Kershaw whiffs nine in second rehab start

Kershaw allows one earned run in five innings

Kershaw whiffs nine in second rehab start

MINNEAPOLIS -- With a likely return to the rotation next week in Washington, Dodgers ace Clayton Kershaw made his second Minor League rehab start Wednesday night, throwing five innings for Double-A Chattanooga. 

Kershaw threw 86 pitches, more than manager Don Mattingly's pregame target of 75-80, and he struck out nine with two walks. He was charged with two runs (one earned) on six hits. Three errors committed behind him helped run up his pitch count.

"I think it went all right. I got my pitch count up there," Kershaw said after the game. "With 87 [pitches], I would have liked to get through six or seven, but the goal was to get the pitch count up there," Kershaw said. "It's always hard when pitch counts are in the back of your mind, but the goal is to get the pitch count up there so that I'll be ready to throw 100-plus pitches in the big leagues.

"At the same time, you're trying to compete, too. It's a little bit of a balance, but fortunately for me, I'm done with that and I can just go out there and pitch now."

Broadcasters for Double-A Chattanooga said that Kershaw's fastball hovered around 89-90 mph and occasionally reached 92-93.

Kershaw has been on the disabled list since the day after a winning start Opening Night in Australia with a strained Teres Major muscle in his upper back.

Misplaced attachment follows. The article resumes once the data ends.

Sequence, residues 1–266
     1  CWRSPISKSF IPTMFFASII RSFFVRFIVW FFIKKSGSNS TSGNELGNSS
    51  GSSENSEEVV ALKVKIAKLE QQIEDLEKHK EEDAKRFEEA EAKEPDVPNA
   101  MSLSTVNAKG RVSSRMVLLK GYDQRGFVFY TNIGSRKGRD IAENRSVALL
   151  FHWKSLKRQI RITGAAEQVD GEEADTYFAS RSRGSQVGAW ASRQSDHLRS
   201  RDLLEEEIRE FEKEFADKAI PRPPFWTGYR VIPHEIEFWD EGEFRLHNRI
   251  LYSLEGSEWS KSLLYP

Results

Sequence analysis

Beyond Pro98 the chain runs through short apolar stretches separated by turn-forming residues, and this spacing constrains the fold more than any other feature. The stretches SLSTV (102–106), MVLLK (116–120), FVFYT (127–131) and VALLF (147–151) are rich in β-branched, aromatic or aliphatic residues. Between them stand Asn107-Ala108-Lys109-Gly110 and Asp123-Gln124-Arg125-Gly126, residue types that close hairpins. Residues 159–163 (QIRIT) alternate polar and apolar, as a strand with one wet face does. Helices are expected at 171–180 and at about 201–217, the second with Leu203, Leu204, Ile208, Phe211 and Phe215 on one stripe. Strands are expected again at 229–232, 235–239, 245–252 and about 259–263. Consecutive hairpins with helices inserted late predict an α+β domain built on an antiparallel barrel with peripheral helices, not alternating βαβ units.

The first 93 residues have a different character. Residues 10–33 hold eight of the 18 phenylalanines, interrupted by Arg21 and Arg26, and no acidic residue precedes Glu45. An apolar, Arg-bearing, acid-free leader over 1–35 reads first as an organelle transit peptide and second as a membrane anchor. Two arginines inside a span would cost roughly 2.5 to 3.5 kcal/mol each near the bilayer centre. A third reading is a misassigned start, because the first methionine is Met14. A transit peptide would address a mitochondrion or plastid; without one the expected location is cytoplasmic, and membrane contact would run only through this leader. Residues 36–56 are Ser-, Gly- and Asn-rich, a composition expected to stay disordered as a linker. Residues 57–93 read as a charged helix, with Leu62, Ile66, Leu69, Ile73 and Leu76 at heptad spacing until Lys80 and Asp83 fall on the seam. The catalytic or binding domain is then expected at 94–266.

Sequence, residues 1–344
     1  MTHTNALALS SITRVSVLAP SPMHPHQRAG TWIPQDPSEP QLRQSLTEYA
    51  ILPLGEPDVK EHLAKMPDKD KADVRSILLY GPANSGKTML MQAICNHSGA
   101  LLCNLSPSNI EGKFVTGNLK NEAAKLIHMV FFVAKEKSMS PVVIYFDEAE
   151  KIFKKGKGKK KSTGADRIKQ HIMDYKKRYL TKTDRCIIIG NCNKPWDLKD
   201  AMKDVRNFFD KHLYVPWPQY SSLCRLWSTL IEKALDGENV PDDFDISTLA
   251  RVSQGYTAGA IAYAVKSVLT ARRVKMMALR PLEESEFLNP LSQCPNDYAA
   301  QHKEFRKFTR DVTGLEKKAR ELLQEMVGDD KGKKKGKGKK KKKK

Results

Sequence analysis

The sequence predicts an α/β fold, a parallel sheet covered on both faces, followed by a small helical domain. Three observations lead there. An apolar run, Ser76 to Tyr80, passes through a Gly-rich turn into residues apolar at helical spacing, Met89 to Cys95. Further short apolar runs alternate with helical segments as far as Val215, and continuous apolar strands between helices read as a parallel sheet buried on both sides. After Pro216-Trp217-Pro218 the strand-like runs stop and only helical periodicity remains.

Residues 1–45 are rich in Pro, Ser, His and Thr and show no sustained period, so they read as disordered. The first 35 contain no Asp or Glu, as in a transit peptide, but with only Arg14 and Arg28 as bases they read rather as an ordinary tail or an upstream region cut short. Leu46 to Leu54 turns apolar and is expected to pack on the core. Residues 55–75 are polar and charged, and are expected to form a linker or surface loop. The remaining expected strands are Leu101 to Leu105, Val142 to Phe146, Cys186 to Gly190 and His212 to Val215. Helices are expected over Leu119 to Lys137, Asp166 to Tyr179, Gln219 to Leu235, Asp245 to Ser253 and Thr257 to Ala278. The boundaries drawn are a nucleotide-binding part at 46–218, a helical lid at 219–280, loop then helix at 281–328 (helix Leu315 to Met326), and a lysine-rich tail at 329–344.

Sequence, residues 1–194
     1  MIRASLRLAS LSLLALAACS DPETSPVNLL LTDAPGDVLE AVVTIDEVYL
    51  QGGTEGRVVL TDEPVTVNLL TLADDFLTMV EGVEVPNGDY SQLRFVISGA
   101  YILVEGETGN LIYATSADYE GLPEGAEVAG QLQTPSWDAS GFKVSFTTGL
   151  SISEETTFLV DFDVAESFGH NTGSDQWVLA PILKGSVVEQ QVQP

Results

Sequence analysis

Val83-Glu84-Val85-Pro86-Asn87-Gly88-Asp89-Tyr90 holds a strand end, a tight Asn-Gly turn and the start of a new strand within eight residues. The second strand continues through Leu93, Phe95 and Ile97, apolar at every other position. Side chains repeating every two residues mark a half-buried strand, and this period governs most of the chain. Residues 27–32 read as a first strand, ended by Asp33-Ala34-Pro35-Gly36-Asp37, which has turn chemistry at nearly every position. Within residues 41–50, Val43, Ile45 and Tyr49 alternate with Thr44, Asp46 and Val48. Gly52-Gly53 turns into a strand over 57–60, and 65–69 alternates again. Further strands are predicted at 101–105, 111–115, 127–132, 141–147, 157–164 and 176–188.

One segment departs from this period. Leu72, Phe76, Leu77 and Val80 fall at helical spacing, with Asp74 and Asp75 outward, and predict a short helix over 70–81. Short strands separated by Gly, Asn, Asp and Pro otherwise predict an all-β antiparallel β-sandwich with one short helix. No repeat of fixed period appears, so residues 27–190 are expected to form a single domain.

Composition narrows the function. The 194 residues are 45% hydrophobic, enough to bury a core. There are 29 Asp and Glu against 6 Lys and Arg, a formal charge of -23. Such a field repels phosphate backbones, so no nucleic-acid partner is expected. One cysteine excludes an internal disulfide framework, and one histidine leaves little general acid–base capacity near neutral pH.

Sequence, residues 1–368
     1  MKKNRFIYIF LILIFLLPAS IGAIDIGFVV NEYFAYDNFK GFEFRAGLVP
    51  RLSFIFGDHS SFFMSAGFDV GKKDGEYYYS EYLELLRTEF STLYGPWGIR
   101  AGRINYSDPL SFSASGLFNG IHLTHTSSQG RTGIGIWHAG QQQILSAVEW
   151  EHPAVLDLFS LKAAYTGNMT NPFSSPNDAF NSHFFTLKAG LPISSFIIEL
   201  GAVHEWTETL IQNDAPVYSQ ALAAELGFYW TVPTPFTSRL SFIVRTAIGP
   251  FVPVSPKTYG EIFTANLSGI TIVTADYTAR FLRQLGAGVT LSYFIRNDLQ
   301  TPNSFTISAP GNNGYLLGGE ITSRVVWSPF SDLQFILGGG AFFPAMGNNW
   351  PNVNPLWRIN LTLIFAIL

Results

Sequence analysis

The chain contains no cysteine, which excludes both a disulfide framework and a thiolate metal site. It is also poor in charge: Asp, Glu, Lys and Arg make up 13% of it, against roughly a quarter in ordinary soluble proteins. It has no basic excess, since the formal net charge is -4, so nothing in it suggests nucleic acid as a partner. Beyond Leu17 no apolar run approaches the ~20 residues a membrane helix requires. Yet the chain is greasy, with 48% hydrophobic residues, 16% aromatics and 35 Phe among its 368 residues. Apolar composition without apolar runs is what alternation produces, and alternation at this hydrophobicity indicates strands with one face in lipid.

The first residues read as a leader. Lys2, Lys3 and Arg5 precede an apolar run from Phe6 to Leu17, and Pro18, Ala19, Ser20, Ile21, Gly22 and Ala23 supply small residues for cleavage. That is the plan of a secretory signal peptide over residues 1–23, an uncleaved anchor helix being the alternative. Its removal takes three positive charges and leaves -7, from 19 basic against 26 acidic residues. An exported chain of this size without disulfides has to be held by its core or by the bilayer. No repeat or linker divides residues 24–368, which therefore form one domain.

"I've learned I don't like it," Kershaw told The AP about his DL stint. "As much as you try and be a part of this team, our team is playing right now while I'm in Chattanooga. It's a weird process for me, and you kind of feel isolated a little bit. Hopefully I never have to do it again."

The first inning was tough for Kershaw, who walked the first batter and had to make 29 pitches to get the three outs, all on strikeouts. He also allowed an RBI double, with a pair of errors made behind him.

Kershaw was accompanied on the trip by, among others, head trainer Stan Conte and special assistant Pat Corrales.


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Ken Gurnick is a reporter for This story was not subject to the approval of Major League Baseball or its clubs.